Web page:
The Venezuelan/Spanish co-production stars Caracas-born Edgar Ramírez (Emmy- and Golden Globe-nominated for the 2010 biopic Carlos, about the terrorist called “Carlos the Jackal”), who also executive produced the film. Using a flashback structure, Libertador (as it is called in Spanish in this Spanish-language film with some spoken English and French subtitles) follows Bolívar’s evolution from the spoiled scion of a plantation-owning family into a sort of early 19th-century Che Guevara.
Prodded by his philosophical teacher Simón Rodríguez (Francisco Denis) and the social injustice he witnesses, the Venezuelan evolves into the leader of a liberation movement to end Spanish colonialism in South America and to establish “Gran Colombia,” a continent-wide republic based on the best ideals of the Enlightenment and of the American and French Revolutions.
In addition to top acting, The Liberator has high production values, with stunning cinematography, including soaring aerial camerawork by the Spanish director of photography Xavi Giménez as Bolívar’s army, Hannibal-like, crosses the Andes. The artistry of production designer Paul D. Austerberry and costume designer Sonia Grande combine to realistically render a sense of early 19th-century Madrid, Paris, and South America, which is so vital for this period piece.
The talented international crew includes Indian editor Tariq Anwar, who has cut action-packed battle sequences full of riveting montages. Gustavo Dudamel, music director of Venezuela’s Orquesta Sinfónica Simón Bolívar and conductor of the Los Angeles Philharmonic, composed The Liberator’s original score. At the LAFF U.S. premiere a bearded, dapper Ramírez called Dudamel “a genius who breathes music in every atom. The music is almost another character in the film.”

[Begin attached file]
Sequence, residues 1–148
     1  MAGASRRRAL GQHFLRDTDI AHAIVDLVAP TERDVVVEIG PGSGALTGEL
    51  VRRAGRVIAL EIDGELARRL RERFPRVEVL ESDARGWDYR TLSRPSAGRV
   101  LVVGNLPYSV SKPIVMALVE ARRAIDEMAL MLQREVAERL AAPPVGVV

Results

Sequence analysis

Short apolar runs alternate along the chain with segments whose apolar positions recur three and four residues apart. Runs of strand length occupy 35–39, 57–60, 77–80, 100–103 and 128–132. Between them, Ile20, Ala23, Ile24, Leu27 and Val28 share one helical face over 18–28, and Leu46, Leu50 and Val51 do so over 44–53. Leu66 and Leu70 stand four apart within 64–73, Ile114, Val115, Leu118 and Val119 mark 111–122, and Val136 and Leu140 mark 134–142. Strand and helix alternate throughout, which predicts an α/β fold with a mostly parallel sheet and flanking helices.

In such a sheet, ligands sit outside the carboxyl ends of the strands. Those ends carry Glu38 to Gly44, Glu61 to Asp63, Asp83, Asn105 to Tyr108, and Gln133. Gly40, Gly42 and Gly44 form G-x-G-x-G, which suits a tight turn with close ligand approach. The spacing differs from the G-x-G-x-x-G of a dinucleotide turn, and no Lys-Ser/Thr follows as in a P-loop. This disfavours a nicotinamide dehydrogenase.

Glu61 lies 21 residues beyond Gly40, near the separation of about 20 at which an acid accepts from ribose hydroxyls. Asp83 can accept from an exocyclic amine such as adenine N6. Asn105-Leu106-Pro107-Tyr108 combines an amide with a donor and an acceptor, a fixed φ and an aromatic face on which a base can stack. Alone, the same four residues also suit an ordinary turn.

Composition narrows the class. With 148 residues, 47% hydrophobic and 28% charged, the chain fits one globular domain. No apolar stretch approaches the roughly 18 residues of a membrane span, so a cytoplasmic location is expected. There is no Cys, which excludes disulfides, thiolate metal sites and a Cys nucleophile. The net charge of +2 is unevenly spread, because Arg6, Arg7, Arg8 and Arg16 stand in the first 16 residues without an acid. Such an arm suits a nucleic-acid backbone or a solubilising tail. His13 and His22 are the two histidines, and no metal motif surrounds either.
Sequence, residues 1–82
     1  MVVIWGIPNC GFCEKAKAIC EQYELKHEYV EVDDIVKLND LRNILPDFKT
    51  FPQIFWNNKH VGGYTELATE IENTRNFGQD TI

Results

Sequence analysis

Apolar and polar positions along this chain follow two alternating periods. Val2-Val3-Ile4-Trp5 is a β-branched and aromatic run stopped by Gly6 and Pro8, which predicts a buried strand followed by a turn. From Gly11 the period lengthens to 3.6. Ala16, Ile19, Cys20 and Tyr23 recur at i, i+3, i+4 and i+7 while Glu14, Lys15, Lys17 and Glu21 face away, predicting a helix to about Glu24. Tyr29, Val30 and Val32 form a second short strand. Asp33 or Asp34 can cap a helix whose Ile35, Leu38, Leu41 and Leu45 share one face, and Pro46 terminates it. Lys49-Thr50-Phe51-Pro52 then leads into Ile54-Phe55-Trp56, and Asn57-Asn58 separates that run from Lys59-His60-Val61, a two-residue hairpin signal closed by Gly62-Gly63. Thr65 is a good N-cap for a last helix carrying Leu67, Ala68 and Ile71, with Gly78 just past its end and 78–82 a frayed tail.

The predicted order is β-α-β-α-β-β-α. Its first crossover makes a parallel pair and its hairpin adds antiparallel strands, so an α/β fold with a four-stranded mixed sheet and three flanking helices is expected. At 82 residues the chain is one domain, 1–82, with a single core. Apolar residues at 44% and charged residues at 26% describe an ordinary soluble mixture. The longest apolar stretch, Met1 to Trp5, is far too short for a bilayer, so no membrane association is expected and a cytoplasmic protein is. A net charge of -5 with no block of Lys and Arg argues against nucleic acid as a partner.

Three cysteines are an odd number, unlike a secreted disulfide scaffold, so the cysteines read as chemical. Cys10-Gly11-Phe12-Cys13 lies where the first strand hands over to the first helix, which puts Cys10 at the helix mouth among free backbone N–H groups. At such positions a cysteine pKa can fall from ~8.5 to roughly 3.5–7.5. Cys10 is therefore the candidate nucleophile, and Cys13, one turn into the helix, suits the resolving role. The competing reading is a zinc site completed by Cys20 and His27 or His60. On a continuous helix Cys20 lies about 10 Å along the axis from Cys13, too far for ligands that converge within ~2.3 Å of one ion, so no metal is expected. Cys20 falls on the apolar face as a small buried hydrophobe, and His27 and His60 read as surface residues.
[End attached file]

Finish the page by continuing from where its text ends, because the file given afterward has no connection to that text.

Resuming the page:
The Liberator’s screenplay was written by U.S.-born Timothy Sexton, who co-wrote 2014’s Cesar Chavez, as well as the 2006 TV movie Walkout (about L.A.’s historic Chicano student strike in 1968) and the 2001 made-for-TV Civil Rights movie about Dr. King, Ralph Abernathy, and Rosa Parks called Boycott. The Liberator is skillfully directed by Caracas-born Alberto Arvelo (2004’s Habana, Havana).
In addition to the gifted Ramírez, the cast includes actors Western audiences might be familiar with: Danny Huston as Torkington, a gambler/profiteer and/or British agent provocateur; Gary Lewis portrays James Rooke, a Dublin-born soldier who led a sort of “International Brigade” as part of Bolívar’s liberation forces; and Venezuela-born Steve Wilcox plays a character called the Black Rider.
In addition to gripping combat sequences, The Liberator includes tender, sexy love scenes with some nudity, as it tells Bolívar’s story as both a freedom fighter and as a man. Spanish actress María Valverde plays Bolívar’s wife. During a later part of the title character’s life, Colombia-born Juana Acosta portrays Bolívar’s lover Manuela Sáenz, whom Bolívar called “liberator of the liberator” after she saved him from an assassination plot that opens the picture. Significantly, the film also depicts Black characters as part of the South American milieu and population, with Zenaida Gamboa rather sympathetically playing Bolívar’s adoptive mother, Hipólita.
With its big-screen historical epic sweep and larger than life characters, The Liberator is a sort of left-wing Gone with the Wind, with the important differences that most of the former’s actors depict actual people in a fact-based drama and, unlike GWTW, the Bolívar biopic is on the side of the oppressed, not the slaveholders. It is an important history lesson artfully taught with cinematic lightning-and Dudamel’s thunder. This Venezuelan co-production can also be seen as a testament to Hugo Chávez’s Bolivarian Revolution, and as an example of 21st-century revolutionary culture.
Prepare to be liberated: The Liberator is tentatively set for theatrical release in the U.S. on August 22. Viva Bolívar!
Director: Alberto Arvelo
Writer: Timothy J. Sexton
Photo: Still from film.